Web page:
Wednesday, 5 October 2016

Pretty Socks

I think I worked out recently that I have enough sock yarn to keep me going for at least two years, and quite possibly three.  Sock yarn is *so* tempting though, isn't it.  It sits there, looking colourful and pretty in yarn shops and then, someone at knitting group or on Ravelry shows off something pretty and new that you haven't tried ago and well, the weak of will succumb.

My latest pair of finished socks though, have been made with some yarn I bought at least five years ago.  I know I bought it on sale from Get Knitted and I also know I haven't bought from that yarn store for quite a while.

The yarn's Koigu Painter's Palette Premium Merino, which is a bit of a mouthful, so it's often referred to as KPPPM (not surprisingly).  The yarn looked pretty in the skein and was pretty once wound into balls (I know it's been around for a while because it was in two 50g skeins and these days skeins of sock yarn are usually a minimum of 100g).

I used the toe-up pattern that I came up with (rounded toe and with an elongated gusset on the bottom of the sole rather than at the sides).  This time, instead of doing a slip stitch heel, I did an Eye of Partridge pattern.  Eye of Partridge is like the slip stitch pattern, but staggered, so instead of doing slip 1, knit 1 on row 1 and purl on row 2, row 1 is slip 1, knit 1, row 3 is slip 1, knit 1 and rows 2 and 4 are plain purl.  I think the idea is that the resulting fabric looks a bit like a bird's eye.  Anyway, it makes a nice, harder-wearing fabric for the heel flap, so it doesn't wear out when it rubs against the back of the shoe.

There's not much else to say about them really.  I didn't block them (I never block socks; they adapt to fit my feet when I wear them), but I'm happy with them as the KPPPM is a higher-quality sock yarn that has a very nice feel to it and is high twist, so gives good stitch definition.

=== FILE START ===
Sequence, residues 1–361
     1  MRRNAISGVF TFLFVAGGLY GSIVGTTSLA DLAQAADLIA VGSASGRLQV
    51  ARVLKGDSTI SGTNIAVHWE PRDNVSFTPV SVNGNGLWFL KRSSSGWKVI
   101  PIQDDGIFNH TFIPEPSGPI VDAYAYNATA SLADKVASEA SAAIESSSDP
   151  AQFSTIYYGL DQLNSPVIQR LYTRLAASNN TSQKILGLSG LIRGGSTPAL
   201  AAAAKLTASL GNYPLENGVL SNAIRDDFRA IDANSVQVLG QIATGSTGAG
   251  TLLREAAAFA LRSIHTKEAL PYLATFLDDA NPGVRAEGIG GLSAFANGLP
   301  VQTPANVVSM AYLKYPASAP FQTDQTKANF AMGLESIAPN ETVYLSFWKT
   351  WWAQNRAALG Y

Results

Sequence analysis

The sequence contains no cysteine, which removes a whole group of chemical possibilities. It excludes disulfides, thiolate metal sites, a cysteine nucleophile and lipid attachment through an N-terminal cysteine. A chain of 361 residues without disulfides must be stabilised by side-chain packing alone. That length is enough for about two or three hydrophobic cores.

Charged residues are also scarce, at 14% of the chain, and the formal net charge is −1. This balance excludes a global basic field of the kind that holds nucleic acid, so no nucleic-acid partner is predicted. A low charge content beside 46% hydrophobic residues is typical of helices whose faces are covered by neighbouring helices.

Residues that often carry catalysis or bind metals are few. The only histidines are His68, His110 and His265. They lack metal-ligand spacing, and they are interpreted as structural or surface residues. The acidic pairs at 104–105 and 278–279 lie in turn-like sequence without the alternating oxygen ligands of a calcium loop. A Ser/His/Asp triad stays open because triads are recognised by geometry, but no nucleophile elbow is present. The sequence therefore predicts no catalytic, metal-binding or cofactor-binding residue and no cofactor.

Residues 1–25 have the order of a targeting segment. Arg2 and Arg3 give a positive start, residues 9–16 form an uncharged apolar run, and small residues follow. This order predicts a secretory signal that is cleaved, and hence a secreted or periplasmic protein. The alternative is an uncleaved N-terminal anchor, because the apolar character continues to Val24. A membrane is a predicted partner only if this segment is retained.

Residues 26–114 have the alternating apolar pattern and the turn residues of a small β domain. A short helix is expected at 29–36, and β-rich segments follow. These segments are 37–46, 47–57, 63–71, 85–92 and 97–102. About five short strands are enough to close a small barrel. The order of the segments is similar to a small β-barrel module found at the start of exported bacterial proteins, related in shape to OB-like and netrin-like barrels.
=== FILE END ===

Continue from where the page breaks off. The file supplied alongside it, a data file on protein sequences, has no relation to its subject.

As well as being a sucker for a pretty skein of sock yarn, I also seem to have unwittingly started a collection of shopping-type bags.  I've been trying for several years now to remember to take bags with me when I go to the supermarket, even before the government bag charge came into force last year.  As a result, I do have a tendency to buy a new one when I spot something eye-catching.  Certain types also make good project bags, especially for larger projects.  If I'm going to be walking around the shops (or haven't driven), I do like a bag with longer handles that I can carry on my shoulder and these jute bags from Seasalt fit the bill nicely.  I did have one that DD2 commandeered for her Barbie clothes and accessories and I won't be getting that one back any time soon, so I bought these two a couple of weeks ago:

I find these bags to be good capacity-wise, as well as strong and durable and they're good value (I think) at £5 each or on offer at two bags for £8.  I love daffodils, so that was an easy choice to make, but the one on the left?  That was a no-brainer when I spotted it on the Seasalt website.  POLDARK!!!! (which seems to be pronounced Pol-daark in the new series).  I loved the television adaptation in the mid-1970s and I love the current series.  I've even got the books downloaded onto my Nook e-reader (but don't want to read them until Season 2 has finished airing).  Eleanor Tomlinson (who plays Demelza) had a hand in the design process and 50p of the proceeds from each bag sold gets donated to the Fishermen's Mission.  I'm not going to use that one for shopping though; I don't want to get it mucky, so it'll be a project bag.

Tuesday, 4 October 2016

A Commission of sorts.....

Months ago, DD2 asked me to make her a cardigan.  Well, I was happy to go along with this and the next time we went to Colchester, I took her into Franklins (the haberdashery/fabric/yarn shop) and went upstairs with her to the yarn department.  I'd already decided that I'd use Stylecraft Special DK, simply because I knew that, the cardigan being for DD2, it would get put through the washing machine on a regular basis.

So.... we stood in front of the display of Stylecraft (according to the Wool Warehouse website, there are 82 colours in the range including the tweedy/mottled shades) and I waited for her to choose the colour she wanted, expecting on the pink or purple shades to be chosen.